Extra bus services ‘en route’?
More bus services could be ‘en route’ to Marlborough if there is a demand for them.
The Marlborough District Council is looking at a Blenheim to Renwick run and another route linking Burleigh and the Boulevard Park on Taylor subdivision.
Renwick Smart and Connected chairman Joe Keighley said a bus service to and from Renwick would be a ‘‘positive’’ move for the community.
‘‘We definitely see it as a need for Renwick and it will definitely benefit the community out here ... Especially the elderly who struggle with transport,’’ he said.
‘‘It helps connect those out here with town or with Blenheim and the shopping that’s available and the hospital and all that sort of stuff.’’
Council finance officer David Craig said the council was in the process of drafting a survey to get a sense of people’s travel needs.
‘‘We are wanting to understand where people are wanting to travel to and from, the frequency of that travel, whether it be daily, whether there are favoured days of the week and whether it’s early in the morning, during the day or late evening.’’
He said the Blenheim-Renwick route and the Burleigh-Boulevard Park on Taylor route were possibilities if there was a strong demand for them.
‘‘They were just some of the options that were there and obviously the information that we get from the survey would need to reinforce that before we would look at providing such services and then anything we did following that would likely be subject to some form of trial period,’’ Craig said.
The council was also considering expanding the bus service to other parts of the region which were often ‘‘isolated’’, including Havelock, Picton and Seddon.
‘‘We are aware that there’s not a lot of public transport within Marlborough and a lot of that is because of our low population and these types of services typically aren’t commercially viable ... We just want to see what the need is,’’ he said.
Blenheim’s daily bus service which travelled between Redwoodtown-Witherlea and Springlands-Riversdale was set to get an extra hour of running time. The service, which operated from 9am-noon and 1-3pm daily was getting a lunchtime run, making it a 9am-3pm service as of March 1.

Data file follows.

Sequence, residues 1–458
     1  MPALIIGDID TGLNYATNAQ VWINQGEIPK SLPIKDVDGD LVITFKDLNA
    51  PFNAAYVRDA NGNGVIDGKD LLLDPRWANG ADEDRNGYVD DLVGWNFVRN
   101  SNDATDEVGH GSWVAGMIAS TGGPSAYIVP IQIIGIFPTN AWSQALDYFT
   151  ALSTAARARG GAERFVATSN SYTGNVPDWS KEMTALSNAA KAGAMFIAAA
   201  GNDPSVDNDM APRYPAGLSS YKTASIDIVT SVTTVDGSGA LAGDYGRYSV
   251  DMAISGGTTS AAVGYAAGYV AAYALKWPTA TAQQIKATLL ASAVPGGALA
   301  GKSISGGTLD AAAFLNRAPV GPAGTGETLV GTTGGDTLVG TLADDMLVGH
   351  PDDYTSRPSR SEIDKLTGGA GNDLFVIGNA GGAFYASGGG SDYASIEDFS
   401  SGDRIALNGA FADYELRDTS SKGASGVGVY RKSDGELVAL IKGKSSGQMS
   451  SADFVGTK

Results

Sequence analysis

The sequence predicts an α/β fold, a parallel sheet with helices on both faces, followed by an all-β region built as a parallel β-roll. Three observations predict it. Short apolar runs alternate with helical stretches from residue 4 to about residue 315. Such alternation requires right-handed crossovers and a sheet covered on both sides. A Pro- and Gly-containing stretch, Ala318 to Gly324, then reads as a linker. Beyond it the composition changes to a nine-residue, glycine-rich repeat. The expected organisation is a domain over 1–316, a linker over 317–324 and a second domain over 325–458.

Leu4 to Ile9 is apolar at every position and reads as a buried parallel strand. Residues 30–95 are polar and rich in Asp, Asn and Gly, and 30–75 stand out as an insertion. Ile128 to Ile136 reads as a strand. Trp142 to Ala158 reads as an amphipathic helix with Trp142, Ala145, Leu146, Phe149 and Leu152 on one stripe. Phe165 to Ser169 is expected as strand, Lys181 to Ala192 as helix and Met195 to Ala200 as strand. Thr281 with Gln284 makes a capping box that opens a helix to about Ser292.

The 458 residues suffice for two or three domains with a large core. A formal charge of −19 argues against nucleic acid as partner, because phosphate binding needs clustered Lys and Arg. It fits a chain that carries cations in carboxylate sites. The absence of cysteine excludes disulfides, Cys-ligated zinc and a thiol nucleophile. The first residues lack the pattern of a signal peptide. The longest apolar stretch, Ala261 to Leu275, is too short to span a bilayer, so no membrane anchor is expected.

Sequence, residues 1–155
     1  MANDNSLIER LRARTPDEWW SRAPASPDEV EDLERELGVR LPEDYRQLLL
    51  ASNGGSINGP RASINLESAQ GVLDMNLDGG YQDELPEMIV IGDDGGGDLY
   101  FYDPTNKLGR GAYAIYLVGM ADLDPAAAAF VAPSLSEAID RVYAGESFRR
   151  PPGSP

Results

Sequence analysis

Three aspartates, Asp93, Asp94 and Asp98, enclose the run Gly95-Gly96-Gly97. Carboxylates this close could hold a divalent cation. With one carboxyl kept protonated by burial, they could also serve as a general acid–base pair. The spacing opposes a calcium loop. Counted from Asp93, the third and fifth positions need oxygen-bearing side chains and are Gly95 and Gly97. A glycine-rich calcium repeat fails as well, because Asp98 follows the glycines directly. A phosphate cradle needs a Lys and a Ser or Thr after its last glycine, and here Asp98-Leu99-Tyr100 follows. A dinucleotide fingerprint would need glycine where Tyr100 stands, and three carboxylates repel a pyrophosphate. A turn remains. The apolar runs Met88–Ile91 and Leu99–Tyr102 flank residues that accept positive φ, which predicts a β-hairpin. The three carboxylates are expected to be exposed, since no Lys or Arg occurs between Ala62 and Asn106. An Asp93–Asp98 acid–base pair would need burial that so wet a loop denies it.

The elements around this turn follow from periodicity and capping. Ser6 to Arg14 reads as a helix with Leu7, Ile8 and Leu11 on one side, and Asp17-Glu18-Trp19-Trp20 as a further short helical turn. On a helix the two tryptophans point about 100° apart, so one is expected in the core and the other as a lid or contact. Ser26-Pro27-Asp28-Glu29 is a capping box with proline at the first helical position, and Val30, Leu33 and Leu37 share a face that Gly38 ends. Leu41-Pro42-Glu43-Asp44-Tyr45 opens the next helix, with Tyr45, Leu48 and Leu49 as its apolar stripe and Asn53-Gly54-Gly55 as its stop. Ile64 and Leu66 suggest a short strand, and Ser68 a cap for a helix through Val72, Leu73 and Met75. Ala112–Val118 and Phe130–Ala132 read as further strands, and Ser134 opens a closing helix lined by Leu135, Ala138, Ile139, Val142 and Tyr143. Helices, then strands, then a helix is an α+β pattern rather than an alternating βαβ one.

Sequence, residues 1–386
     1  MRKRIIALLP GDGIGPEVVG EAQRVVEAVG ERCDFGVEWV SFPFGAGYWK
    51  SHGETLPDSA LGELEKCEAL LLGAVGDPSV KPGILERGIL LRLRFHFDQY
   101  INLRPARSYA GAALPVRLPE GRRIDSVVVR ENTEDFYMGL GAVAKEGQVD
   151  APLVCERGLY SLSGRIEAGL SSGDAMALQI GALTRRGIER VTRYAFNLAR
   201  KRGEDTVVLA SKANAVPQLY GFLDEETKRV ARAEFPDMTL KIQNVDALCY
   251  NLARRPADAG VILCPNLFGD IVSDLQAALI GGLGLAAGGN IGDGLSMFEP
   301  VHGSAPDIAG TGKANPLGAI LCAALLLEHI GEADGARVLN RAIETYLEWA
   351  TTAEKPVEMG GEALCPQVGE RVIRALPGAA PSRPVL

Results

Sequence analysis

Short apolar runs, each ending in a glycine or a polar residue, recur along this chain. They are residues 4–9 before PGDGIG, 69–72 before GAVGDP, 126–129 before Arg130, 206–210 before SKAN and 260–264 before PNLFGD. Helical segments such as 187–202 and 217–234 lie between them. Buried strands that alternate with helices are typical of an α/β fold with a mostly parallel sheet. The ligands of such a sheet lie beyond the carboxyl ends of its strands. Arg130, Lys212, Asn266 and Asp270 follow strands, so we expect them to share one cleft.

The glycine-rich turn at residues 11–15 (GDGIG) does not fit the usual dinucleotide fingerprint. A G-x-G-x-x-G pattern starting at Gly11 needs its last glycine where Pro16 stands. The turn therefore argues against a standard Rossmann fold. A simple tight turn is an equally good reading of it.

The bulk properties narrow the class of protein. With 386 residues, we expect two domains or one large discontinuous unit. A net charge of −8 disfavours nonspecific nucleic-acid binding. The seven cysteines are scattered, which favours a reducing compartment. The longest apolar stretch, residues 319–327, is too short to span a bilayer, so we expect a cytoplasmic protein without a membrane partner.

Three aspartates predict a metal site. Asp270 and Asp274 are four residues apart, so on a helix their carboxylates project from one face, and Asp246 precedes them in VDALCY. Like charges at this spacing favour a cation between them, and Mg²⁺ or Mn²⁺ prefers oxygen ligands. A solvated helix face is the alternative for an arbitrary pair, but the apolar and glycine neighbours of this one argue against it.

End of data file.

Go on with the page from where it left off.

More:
Craig said the daily service was to become less ‘‘confusing’’ as people often forgot or were not aware that it did not run for an hour at lunchtime.
‘‘I’ve got a bus stop near my property and I quite often go home for lunch and there’s people sitting in the shelter waiting for the bus to arrive and I’ve had to go over to them and say ‘do you realise the bus doesn’t actually run within that lunch hour?’ So it will certainly take away from that confusion,’’ he said.
Any extra services would be payed for by ratepayers, Craig said.
‘‘With any expanded service comes a cost and whether ratepayers are prepared to pay that additional cost is an issue that we also need to deliberate [on].’’
‘‘NZTA funds 51 per cent of the net cost and council, or ratepayers, fund the other 49 per cent. So if we put a service on, subject to getting NZTA’s approval, then the cost of operating that would again be shared between NZTA and council,’’ he said.
Craig said the bus services would charge some people a fare, like they did now.
Survey forms will be available on the council’s website, or at council reception, the Blenheim and Picton Libraries and bus drivers in March.
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Council finance officer David Craig says he often sees people standing at the bus stop at lunchtime, when there is no bus.